In mid-October 2015, Mitvim, the Israeli Institute for Regional Foreign Policies, conducted its annual poll surveying a representative sample of the population on foreign policy issues. Based on the responses of 600 citizens (498 Jews and 102 Palestinian citizens of Israel), the survey revealed growing dissatisfaction with Israel’s foreign policy with 60% of respondents characterizing Israel’s global standing as “not good,” compared to 35% in 2014. In addition, respondents expressed strong displeasure over Prime Minister Benjamin Netanyahu’s attempts to impede the Iran nuclear negotiations (see JPS 44 for more) and the lack of a full-time foreign minister, following Avigdor Lieberman’s resignation from the post in May 2015.
Because of the incoming Israeli cabinet’s narrow parliamentarian majority (see Update in JPS 44 for more), minority members of the ruling coalition have spearheaded hawkish legislation on both settlements and the activities of several internationally funded Israeli nongovernmental organizations. Israel’s allies as well as international organizations have responded critically, as was manifested most recently in the European Union’s guidelines for labeling settlement products (see Doc. A1 above) and Brazil’s ongoing refusal to accept settler supporter Dani Dayan as Israel’s ambassador to that country.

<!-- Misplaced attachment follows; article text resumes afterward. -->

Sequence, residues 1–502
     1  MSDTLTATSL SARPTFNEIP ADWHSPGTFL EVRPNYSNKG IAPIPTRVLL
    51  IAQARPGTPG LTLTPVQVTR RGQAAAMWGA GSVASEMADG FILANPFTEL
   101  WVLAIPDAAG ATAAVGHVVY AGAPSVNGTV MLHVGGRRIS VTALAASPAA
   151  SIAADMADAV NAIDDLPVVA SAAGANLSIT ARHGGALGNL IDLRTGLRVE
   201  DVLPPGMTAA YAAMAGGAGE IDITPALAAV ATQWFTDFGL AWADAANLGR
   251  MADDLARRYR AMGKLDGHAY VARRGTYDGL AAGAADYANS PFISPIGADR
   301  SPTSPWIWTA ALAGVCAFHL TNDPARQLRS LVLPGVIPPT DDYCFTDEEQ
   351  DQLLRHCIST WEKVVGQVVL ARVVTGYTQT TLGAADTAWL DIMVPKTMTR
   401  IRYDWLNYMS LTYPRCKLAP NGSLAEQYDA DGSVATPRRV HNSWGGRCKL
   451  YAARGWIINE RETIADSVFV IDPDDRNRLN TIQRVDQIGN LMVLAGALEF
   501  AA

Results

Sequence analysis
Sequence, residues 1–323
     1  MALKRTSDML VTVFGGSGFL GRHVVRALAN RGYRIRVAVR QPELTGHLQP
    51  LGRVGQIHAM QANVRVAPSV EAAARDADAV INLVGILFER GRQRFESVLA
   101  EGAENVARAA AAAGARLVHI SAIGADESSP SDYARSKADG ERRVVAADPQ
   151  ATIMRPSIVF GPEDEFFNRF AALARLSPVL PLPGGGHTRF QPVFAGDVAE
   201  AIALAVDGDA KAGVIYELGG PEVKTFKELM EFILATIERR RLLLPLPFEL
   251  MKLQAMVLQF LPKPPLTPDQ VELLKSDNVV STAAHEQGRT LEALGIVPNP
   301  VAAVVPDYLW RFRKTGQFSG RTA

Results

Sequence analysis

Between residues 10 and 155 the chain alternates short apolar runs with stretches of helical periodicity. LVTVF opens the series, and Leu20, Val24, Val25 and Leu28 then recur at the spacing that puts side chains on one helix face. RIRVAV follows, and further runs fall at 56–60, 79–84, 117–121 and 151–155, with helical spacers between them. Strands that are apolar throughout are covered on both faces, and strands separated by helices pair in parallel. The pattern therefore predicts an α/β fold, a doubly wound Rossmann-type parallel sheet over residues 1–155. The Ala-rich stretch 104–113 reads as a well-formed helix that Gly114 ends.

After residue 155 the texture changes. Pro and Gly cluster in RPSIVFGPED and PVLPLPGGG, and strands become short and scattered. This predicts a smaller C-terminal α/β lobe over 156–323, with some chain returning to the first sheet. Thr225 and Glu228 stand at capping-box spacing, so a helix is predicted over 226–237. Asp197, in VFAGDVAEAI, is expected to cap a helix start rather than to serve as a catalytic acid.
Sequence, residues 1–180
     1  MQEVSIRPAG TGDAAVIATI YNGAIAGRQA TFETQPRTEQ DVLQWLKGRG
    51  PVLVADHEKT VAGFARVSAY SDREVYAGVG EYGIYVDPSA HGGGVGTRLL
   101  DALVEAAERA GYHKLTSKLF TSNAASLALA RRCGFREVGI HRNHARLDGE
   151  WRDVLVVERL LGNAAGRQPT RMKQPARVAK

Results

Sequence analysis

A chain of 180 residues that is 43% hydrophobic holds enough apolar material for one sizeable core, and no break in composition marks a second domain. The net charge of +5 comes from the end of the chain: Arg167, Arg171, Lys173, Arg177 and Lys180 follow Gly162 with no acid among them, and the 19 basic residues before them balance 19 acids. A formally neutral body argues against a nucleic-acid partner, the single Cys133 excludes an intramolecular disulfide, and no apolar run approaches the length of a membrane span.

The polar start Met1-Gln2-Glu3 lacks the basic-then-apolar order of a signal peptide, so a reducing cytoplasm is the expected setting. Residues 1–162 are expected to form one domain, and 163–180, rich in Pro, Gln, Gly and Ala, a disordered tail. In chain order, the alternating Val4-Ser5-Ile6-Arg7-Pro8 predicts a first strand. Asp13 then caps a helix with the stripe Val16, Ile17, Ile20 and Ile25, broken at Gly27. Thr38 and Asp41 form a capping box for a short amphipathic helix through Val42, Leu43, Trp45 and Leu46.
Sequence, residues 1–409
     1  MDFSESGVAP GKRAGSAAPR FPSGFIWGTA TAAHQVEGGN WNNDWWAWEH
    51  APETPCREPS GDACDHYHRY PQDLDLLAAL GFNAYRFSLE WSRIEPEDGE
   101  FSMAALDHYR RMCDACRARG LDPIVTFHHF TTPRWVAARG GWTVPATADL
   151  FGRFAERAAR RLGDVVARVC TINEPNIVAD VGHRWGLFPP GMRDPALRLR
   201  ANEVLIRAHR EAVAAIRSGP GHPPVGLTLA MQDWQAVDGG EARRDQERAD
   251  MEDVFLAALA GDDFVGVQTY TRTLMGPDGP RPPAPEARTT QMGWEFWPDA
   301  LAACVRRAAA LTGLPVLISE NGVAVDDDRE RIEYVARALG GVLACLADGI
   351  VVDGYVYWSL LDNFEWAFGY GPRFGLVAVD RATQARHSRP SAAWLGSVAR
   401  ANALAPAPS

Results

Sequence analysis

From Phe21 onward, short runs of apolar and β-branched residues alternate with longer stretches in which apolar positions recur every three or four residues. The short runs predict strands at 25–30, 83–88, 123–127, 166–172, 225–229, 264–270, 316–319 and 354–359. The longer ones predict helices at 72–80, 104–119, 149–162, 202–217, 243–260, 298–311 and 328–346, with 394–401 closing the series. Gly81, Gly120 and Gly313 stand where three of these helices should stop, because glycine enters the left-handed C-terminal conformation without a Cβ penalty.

Given the polemic political climate in Israel, it is no wonder that Mitvim found that 55% of respondents believed that the government should prioritize the peace process in order to improve Israel’s international standing.
Presented below is a selection of excerpts from the Mitvim poll. The complete survey is available at www.mitvim.org.il.